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Author Topic: plastic honey bottles  (Read 1015 times)
kdm
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« on: February 04, 2013, 07:06:19 AM »

What temperature will the plastic container take before they deform.
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Moots
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« Reply #1 on: February 04, 2013, 07:59:45 AM »

Not sure....I'm thinking that may very from one specific type of plastic bottle to another.   However, I would think they're all fairly heat tolerant. 

What is it that you're wanting to do that has you concerned.  Worse case scenario you could sacrifice a bottle or two to experimentation. 
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danno
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« Reply #2 on: February 04, 2013, 08:21:30 AM »

I have found the safest way to re- liquify honey in  plastic is just leave it in my truck, windows up on a summer day
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kdm
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« Reply #3 on: February 04, 2013, 08:47:44 AM »

I need to liquefy about 4 cases for a customer. I converted an small chest type deep freezer into a hot box.
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Jim 134
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« Reply #4 on: February 04, 2013, 09:25:37 AM »

What temperature will the plastic container take before they deform.

This is 1 reason why I use glass jars  rolleyes


             

              BEE HAPPY Jim 134 Smiley
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Moots
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« Reply #5 on: February 04, 2013, 09:32:42 AM »

What temperature will the plastic container take before they deform.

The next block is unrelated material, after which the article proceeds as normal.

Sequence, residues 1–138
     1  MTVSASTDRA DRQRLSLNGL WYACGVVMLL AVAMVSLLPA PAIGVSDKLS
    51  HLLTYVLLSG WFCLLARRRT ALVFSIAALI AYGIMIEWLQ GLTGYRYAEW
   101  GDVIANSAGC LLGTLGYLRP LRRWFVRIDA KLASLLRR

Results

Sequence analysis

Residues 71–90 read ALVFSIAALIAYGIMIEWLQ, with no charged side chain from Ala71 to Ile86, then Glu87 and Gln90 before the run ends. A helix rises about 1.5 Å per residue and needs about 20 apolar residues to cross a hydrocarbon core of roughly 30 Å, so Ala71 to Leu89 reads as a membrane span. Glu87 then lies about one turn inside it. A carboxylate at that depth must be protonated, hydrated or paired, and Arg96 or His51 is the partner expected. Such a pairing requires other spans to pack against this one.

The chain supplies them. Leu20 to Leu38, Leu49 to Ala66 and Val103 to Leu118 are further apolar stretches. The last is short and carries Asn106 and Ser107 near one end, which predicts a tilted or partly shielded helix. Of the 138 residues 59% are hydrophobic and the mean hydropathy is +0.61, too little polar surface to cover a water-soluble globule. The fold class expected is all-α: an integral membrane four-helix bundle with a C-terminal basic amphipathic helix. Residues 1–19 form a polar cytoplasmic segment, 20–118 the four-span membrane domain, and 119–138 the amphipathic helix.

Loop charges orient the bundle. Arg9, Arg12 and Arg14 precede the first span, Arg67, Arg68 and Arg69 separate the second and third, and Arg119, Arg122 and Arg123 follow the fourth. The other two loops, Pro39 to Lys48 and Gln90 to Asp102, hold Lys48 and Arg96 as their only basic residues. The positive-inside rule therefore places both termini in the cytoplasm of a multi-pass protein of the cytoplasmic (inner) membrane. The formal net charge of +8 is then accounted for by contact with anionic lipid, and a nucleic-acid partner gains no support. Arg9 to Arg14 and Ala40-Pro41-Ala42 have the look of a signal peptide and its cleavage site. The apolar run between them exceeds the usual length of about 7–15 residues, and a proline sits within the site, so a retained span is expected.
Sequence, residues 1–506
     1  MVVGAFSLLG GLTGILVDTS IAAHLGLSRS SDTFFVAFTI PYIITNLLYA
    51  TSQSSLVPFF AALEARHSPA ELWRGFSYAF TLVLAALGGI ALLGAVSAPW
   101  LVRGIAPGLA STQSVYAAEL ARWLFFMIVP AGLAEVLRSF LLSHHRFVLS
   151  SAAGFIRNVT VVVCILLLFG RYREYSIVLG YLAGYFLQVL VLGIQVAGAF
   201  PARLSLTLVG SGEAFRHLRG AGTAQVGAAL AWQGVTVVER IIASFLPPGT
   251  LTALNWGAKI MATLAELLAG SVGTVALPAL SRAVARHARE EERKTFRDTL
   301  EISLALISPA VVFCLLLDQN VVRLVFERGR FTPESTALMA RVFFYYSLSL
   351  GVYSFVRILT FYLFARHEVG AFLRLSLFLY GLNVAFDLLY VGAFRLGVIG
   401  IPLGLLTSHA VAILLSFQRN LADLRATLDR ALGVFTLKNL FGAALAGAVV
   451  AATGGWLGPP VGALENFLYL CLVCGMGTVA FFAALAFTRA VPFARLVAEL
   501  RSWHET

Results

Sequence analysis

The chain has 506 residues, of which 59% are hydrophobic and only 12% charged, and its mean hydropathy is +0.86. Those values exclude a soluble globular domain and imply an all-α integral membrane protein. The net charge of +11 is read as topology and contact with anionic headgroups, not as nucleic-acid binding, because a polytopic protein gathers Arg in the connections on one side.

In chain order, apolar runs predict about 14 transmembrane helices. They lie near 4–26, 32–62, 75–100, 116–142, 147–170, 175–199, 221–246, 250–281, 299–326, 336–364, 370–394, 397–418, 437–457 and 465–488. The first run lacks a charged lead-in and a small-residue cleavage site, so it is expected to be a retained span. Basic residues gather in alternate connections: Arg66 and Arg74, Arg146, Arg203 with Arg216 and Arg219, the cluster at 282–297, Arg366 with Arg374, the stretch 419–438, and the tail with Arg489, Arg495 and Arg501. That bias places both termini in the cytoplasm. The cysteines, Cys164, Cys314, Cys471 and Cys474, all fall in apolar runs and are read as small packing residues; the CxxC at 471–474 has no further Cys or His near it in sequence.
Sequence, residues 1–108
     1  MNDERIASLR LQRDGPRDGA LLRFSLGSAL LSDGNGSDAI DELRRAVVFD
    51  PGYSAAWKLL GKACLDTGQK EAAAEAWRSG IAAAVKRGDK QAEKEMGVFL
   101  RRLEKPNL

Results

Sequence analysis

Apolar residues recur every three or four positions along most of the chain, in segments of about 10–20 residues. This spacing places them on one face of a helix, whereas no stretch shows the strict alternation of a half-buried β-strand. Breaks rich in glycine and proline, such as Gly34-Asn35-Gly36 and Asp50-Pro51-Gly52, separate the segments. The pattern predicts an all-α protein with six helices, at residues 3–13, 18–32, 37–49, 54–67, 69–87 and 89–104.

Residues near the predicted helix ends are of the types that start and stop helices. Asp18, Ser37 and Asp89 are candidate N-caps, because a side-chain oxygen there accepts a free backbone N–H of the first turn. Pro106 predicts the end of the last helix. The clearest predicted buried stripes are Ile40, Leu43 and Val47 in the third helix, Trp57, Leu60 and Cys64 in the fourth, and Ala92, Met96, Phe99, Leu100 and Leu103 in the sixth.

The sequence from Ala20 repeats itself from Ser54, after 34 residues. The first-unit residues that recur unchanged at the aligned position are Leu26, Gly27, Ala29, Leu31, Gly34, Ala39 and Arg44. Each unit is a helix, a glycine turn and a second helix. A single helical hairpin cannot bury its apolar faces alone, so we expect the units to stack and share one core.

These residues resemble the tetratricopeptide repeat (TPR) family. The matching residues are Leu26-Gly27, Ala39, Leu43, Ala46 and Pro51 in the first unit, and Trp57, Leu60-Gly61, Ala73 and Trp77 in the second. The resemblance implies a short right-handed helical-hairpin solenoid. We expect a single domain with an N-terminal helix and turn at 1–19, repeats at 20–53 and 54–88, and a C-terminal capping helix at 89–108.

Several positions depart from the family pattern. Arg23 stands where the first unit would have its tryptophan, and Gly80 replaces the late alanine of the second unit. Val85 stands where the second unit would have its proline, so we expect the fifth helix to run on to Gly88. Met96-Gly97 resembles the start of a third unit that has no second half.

This is 1 reason why I use glass jars  rolleyes


             

              BEE HAPPY Jim 134 Smiley

Yeah....But glass doesn't bounce near as good as plastic!   Smiley
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splitrock
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« Reply #6 on: February 04, 2013, 11:07:37 AM »

"Yeah....But glass doesn't bounce near as good as plastic!   Smiley"

Very true, but glass doesn't contain those chemicals and toxins that can leach into your honey from the recycled plastic, especially when it's heated up.

I don't know why anyone would even want honey that had been heated up enough to deform plastic.
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Michael Bush
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« Reply #7 on: February 04, 2013, 06:04:36 PM »

Those crystal clear ones warp at very moderate temperatures.  The translucent ones will take much more heat.  Usually boiling doesn't harm those.
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edward
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« Reply #8 on: February 04, 2013, 07:00:06 PM »

Warm them slowly at 40 degrees Celsius = 104 degrees Fahrenheit until all crystals have dissolved

This will preserve all the antioxidants and minerals and enzymes that make honey good for you  Wink


mvh edward  tongue
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ch.cool
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« Reply #9 on: February 05, 2013, 09:17:51 AM »

Hi,

check the bottom of your container in the recycle sign should be a PET or PETE. You can heat those container up to 150°F they should not deform below this temperature and PET/PETE does not give any poison chemicals in the environment even the recycled PET.

ch.cool 
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kdm
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« Reply #10 on: February 05, 2013, 09:53:06 AM »

This is the kind of info i needed. Thank you.
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Intheswamp
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« Reply #11 on: February 05, 2013, 09:55:32 AM »

check the bottom of your container in the recycle sign should be a PET or PETE. You can heat those container up to 150°F they should not deform below this temperature and PET/PETE does not give any poison chemicals in the environment even the recycled PET.